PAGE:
Any of them. Seriously.
I've run Rise of the Runelords as gestalt, and I'm just about through Shattered Star with gestalt.
Here's the sneaky trick of it: you control your PCs' leveling. If they are one or two levels behind the "recommended" levels for the adventure, the challenge level works itself out just fine.
For example, we started Into the Nightmare Rift (recommended for PCs of level 13) when they were still 11th level.
If you want to put a little bit of extra work into the world-building, you can do that: for example, I make a few of the NPCs that the PCs face (both opponents and allies) gestalt as well, so the PCs aren't the only ones out there.
Full disclosure: in my gestalt campaigns, I limit people to only two classes: no multiclassing or prestige classes. Archetypes for either or both classes are okay, though. In Shattered Star, I have:
* a magus/wizard
What non-combat villains do you mean? The Pirate Council? That's easy--it just costs you a plunder card. Or do you mean the villains that have checks you need to make or you evade them (more like THEY evade YOU, amirite?) like Scourge and Plugg?
In any case, I have a few thoughts about your character choices:
First of all, I was in your exact position: starting with two other players that wanted Jirelle and Merisiel. I actually went with Oloch, but he's not a base-box character.
So, thoughts from the base box:
* Having a highest *anything* of d8 isn't bad, so your group will probably be fine with Charisma, even if you play Seltyiel.
* Lem seems better than Seltyiel to pair with your kids' characters, because he has a good Charisma and some healing. But he'll be competing with them for finesse weapons. Alahazra is probably a better choice than Lem, since she also has a good Charisma and provides healing.
* Alahazra is bad at facing barriers, but so is Seltyiel.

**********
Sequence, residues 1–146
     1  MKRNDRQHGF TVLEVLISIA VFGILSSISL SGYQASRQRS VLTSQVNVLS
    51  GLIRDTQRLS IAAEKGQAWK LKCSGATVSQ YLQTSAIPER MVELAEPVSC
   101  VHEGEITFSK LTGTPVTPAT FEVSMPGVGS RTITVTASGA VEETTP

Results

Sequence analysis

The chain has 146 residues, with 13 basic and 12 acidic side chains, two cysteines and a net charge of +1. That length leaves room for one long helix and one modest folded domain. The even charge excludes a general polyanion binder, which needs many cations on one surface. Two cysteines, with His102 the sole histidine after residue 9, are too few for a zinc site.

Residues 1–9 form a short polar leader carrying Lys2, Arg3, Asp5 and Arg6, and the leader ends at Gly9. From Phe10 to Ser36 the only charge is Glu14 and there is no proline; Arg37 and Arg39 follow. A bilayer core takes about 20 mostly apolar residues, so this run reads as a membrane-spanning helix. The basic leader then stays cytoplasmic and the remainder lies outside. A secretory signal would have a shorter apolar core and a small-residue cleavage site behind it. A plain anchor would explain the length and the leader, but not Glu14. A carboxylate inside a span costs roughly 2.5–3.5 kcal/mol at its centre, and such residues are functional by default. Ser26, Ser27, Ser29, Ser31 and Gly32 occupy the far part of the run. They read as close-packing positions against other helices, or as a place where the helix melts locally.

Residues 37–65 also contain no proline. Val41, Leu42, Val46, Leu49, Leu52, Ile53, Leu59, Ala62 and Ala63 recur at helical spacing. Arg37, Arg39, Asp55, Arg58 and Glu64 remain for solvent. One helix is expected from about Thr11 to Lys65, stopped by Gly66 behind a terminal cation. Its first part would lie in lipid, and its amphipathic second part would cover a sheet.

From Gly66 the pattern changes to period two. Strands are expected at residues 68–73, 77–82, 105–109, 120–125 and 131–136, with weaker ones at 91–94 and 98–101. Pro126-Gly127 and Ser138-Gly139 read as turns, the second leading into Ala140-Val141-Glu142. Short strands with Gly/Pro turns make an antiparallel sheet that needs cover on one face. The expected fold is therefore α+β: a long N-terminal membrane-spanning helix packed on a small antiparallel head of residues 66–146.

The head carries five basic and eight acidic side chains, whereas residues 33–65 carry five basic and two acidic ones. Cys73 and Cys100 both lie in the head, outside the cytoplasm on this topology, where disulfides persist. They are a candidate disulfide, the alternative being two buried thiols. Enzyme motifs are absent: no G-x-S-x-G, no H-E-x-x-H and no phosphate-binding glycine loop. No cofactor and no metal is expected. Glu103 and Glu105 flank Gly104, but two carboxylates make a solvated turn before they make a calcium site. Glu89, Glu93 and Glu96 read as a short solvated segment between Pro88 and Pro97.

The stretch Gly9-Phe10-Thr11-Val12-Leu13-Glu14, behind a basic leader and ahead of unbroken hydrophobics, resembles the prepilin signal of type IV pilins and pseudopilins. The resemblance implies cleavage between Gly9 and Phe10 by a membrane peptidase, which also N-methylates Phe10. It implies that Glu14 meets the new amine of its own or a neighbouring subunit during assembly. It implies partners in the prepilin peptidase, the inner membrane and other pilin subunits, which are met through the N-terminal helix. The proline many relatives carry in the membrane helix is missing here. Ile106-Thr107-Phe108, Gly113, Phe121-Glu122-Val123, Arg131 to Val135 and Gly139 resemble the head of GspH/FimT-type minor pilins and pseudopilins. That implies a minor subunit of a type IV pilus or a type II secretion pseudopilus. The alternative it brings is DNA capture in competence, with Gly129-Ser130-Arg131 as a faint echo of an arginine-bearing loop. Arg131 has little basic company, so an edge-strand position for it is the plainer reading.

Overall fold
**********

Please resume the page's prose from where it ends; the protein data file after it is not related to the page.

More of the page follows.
Perhaps try Seltyiel, and if it's just not working for you, switch to Alahazra?
This is neat to see. Seelah and Valeros are the only characters I've played through every scenario of RotR (although I got most of the way with Amiri), and Seelah was my favorite of the two.
Pirate Rob wrote:
This came up on Board Game Geek a little while ago, and I'll state here what I said there: I can't believe this hadn't come up before! I've failed to beat a villain a few times when testing Shield of Rannick, but we never had the medallion go into a location. Shuffling a medallion into a location deck without a rule about how to acquire it is problematic--there isn't any check listed about what to do if you encounter one! So medallions can't go into location decks.
Do this instead: When a villain escapes, examine the cards from the blessing deck that you shuffle with the villain. If you find a Sihedron Medallion, take another blessing card instead and shuffle the Sihedron Medallion back into the blessings deck instead. (Yes, this might mix up the order of Sihedron Medallions if there are more than 1, but that could be good or bad!) So, basically, what Jones said.
I'm going to include this in my next round of edits to the .pdf.
Thanks very much for the positive review! It makes my work in putting these alternate adventures together worthwhile to know that people are playing and enjoying them.
As to your specific questions:
1) Yep, you'd need to discard an ally when defeating the Bhole Jaws to have its location permanently closed. Defeating a villain means you don't need to make the "When Closing" check, but the scenario power still triggers: when you would permanently close a location, you must discard an ally or it isn't closed. So you'd need to have an ally in hand to do that.
That's difficult, sure, but note that the locations are all packed with allies, and the scenario contains an intentionally difficult choice: do I put acquired allies in my hand because I need them to close locations, or do I set them aside in order to better defeat the monstrously difficult Bhole Jaws?